- What is an acceptable way for them to report the illness: phone call, SMS, messenger app, email etc.
- What is the latest time they must have made contact by.
- When they estimate that they should be able to return to work.
You may also need to ask the employee for a doctor’s note depending on the circumstances.
How to enforce your sickness policy
You should find that employees who are genuinely ill will not mind in the least making contact and explaining that they are unable to work that day (either in the office or remotely).
Where problems may arise is when you have to chase people who are slack about either making contact in the specified manner - or at all.
If someone is absent without warning, you should take appropriate measures to contact them and find out why they’re not at work.
Not only does this demonstrate to dishonest employees that you won’t just roll over and allow them to take unauthorized days off, but there is also the slim, but real, chance it could also be a lifesaver in the event something serious has happened to a coworker and they are not able to make contact.
For this reason, it is important that you keep up-to-date contact information for every person in your organization in your employee database.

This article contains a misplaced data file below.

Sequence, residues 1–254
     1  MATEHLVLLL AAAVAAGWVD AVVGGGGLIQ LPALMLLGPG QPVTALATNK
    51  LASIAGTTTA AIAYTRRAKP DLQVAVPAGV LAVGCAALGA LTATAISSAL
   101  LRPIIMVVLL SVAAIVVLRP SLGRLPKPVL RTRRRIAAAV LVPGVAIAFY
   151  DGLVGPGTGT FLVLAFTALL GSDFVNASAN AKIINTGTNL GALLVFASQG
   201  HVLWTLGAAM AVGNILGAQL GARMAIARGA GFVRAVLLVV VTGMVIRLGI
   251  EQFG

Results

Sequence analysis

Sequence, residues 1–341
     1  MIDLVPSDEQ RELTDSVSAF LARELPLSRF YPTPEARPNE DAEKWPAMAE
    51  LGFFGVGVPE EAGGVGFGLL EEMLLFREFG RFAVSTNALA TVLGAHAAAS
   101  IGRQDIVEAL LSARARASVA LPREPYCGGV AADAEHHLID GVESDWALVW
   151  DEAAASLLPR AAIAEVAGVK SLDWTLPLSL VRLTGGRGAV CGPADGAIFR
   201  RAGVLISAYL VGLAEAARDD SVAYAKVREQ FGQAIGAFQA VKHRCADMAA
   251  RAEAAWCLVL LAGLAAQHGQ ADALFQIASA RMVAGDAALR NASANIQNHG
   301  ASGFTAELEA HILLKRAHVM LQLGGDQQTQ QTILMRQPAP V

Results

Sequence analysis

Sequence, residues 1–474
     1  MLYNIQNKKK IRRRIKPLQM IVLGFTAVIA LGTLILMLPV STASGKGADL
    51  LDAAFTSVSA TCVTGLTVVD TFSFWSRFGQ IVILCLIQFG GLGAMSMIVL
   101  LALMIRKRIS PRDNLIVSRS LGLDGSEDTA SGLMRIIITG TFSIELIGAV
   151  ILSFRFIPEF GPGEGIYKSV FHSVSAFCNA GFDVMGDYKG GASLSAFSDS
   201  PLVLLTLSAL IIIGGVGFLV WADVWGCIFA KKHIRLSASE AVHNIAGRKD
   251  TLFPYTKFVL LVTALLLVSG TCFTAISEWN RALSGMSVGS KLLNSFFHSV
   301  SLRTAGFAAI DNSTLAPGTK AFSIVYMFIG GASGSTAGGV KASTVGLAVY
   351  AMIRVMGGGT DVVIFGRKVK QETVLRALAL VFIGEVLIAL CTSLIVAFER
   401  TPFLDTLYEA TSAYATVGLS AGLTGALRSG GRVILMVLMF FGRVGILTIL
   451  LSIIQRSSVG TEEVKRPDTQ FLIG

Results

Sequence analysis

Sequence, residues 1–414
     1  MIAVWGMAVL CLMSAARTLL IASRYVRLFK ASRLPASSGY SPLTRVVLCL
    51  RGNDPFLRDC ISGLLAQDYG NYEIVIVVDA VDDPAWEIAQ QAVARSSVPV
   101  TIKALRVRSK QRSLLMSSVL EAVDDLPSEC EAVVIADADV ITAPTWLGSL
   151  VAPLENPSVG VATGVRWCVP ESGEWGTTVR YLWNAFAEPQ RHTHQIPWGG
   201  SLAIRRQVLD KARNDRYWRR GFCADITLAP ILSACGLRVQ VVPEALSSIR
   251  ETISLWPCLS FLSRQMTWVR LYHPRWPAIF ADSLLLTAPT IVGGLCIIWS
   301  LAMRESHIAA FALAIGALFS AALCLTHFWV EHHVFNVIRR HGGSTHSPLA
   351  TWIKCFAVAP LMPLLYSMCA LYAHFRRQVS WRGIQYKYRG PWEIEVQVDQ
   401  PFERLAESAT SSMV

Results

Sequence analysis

And if you do need to follow up with disciplinary measures, it is also crucial that you keep a record of absences, along with who tried to contact the employee, how they tried to contact them (email, SMS, call etc.) and what time the contact was attempted.
Should you punish unauthorized absences?
As HR, it is you and your managers’ call as to how you discipline unauthorized absence. A verbal warning for one absence? A writing warning for two? Three strikes and you’re out?
The important thing is to make sure that everyone is crystal clear on your policy so that they know what they can expect should they be unable to resist taking that unofficial day off.
Dealing with the root cause of unauthorized absences
As someone working in Human Resources, or as a manager, it would also be helpful to try and understand why people are taking unauthorized time off. Granted, there will always be people who just don’t really care about their conduct in a professional setting.
But if it’s starting to become a problem throughout your organization, it’s worth taking a closer look. Has calling in sick when they’re fine become a part of your workplace culture? Or maybe the company is going through a stressful period which is causing employees to feel burntout and anxious.
Unauthorized absence: conclusion
You probably know your employee better than most: You generally know who is absent due to genuine reasons - and who is taking advantage.
But so that your business and its people aren’t being impacted by those who feel that taking a day off ‘just because they feel like it’ you do need to set transparent policies in place.
After all, if the rest of your workforce can see a handful of unscrupulous characters getting away with paid days off, what’s to say they won’t want a piece of the action too?
I'm a UK-based content writer here at Hezum. I've an interest in all things HR and company culture.